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Title: Optogenetic manipulation of slow oscillations in an Alzheimer’s animal model

Ksenia Kastanenka

Massachusetts General Hospital/Harvard Medical School, USA

Biography

Dr. Ksenia Kastanenka is an independent investigator at Massachusetts General Hospital and Harvard Medical School in Boston, MA. Ksenia received her Doctorate of Philosophy in Neuroscience from Case Western Reserve University under the mentorship of Dr. Lynn Landmesser. During doctorate training, Ksenia has developed her expertise in optogenetic control of neuronal circuits by studying and manipulating motoneuron pathfinding during development. Subsequently, Ksenia has joined the laboratory of Drs. Brian Bacskai and Brad Hyman in the Neurology Department at Massachusetts General Hospital and Harvard Medical School to apply optogenetics and multiphoton microscopy in order to dissect the role neural activity plays in onset and development of Alzheimers disease (AD). Ksenia’s work has identified perturbations in neuronal activity stemming from overexcitation within cortical circuits. In an attempt to prevent and/or reverse the disorder, Ksenia has studied the effects and mechanisms of action of AD therapeutics, such as anti-Abeta immunotherapy, aducanumab, and the novel multimodal botanical extract DA-9803. Ksenia strongly believes that these translational studies are important for getting effective therapies to patients.

Abstract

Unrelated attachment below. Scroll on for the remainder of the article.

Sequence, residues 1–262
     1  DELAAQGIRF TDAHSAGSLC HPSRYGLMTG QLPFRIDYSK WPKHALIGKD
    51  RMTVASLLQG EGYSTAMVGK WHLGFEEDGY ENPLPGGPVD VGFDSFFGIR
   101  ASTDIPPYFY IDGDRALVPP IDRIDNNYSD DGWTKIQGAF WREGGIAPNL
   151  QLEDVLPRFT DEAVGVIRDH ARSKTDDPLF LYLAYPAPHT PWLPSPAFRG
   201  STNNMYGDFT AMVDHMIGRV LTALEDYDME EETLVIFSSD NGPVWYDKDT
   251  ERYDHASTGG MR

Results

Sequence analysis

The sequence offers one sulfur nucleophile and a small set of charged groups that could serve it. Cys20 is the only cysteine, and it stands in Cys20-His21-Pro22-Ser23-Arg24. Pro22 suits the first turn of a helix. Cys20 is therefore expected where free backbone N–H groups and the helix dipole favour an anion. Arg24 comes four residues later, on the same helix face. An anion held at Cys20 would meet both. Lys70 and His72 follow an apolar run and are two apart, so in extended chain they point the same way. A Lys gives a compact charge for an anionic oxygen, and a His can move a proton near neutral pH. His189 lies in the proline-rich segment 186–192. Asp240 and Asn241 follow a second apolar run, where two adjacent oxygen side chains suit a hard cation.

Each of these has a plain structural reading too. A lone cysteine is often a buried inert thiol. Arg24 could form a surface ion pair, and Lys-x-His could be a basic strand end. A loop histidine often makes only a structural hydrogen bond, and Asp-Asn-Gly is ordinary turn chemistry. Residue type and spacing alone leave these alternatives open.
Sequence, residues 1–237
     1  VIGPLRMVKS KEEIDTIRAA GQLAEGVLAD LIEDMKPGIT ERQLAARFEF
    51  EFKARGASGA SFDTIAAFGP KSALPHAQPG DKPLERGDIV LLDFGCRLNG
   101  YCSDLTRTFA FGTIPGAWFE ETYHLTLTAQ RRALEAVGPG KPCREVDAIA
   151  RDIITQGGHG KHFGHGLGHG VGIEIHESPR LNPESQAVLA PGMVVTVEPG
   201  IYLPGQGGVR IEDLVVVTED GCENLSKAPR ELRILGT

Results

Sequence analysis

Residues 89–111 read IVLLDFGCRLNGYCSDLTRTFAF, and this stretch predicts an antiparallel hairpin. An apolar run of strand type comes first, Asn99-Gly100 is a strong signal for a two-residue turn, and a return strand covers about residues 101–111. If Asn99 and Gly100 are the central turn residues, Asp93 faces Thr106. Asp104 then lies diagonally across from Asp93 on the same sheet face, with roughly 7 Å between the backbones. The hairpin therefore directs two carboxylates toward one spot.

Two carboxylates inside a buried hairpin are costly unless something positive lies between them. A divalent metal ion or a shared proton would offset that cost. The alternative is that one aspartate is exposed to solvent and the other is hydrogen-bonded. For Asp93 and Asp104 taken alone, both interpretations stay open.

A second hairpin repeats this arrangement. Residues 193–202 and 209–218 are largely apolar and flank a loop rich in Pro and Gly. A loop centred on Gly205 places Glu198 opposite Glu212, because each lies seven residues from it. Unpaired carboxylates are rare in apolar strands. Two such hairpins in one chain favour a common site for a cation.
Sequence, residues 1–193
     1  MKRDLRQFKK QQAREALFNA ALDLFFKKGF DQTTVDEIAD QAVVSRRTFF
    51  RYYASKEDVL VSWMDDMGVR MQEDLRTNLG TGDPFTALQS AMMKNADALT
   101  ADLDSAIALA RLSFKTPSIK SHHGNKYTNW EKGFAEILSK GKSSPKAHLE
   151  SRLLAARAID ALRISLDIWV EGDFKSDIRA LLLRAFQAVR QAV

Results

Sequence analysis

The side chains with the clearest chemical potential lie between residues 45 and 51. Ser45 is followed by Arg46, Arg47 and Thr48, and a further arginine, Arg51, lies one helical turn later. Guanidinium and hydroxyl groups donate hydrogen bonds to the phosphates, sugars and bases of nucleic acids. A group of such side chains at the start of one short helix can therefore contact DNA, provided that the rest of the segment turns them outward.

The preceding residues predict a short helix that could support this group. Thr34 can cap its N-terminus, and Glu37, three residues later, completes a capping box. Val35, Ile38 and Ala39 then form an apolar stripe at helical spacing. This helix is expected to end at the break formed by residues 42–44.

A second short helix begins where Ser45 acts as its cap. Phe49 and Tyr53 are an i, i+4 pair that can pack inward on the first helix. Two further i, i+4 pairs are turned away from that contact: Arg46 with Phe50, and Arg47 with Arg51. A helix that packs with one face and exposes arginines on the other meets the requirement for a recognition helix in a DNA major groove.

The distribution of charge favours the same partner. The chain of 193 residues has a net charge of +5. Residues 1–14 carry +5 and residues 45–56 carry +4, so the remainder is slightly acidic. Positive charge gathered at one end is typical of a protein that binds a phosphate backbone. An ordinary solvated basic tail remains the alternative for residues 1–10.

Slow oscillations are important for consolidation of memory during sleep, and Alzheimer’s disease (AD) patients experience memory disturbances. Thus, we sought to examine slow wave activity using the voltage-sensitive dye RH1691 in an animal model of AD (APP mice). The power of slow oscillations at 0.6Hz was decreased starting at 3 months of age. Soluble amyloid-beta was sufficient to disrupt the slow waves. Cortical GABA levels were low in APP mice and application of exogenous GABA restored the slow oscillations, indicating that aberrant excitatory activity within the cortical circuit was responsible for slow oscillation dysfunction. Next we sought to manipulate slow waves in APP mice with optogenetics. Driving slow oscillations at normal frequency with light activation of channelrhodopsin-2 (ChR2) expressed in excitatory cortical neurons restored slow wave power by synchronizing neuronal activity. Using multiphoton microscopy, we performed longitudinal imaging of senile plaques and monitored intracellular calcium. Cytosolic calcium is a surrogate marker of neuronal activity and is normally tightly regulated. We had previously demonstrated that resting calcium levels measured with the genetically encoded calcium sensor YC3.6 were elevated in a subset of neurons in APP transgenics, and hypothesized that an effective treatment would restore calcium to control levels. Driving slow oscillation activity with optogenetics halted amyloid plaque deposition and prevented calcium overload associated with this pathology. On the other hand, driving slow oscillation activity at twice the normal frequency (1.2Hz) resulted in increased amyloid production, increased amyloid plaque deposition, disruptions in neuronal calcium homeostasis, and loss of synaptic spines. Therefore, while restoration of physiological circuit dynamics is sufficient to abrogate the progression of Alzheimer's disease pathology and should be considered an avenue for clinical treatment of patients with sleep disorders, pathophysiological stimulation of neuronal circuits leads to activity dependent acceleration of amyloid production, aggregation and downstream neuronal dysfunction.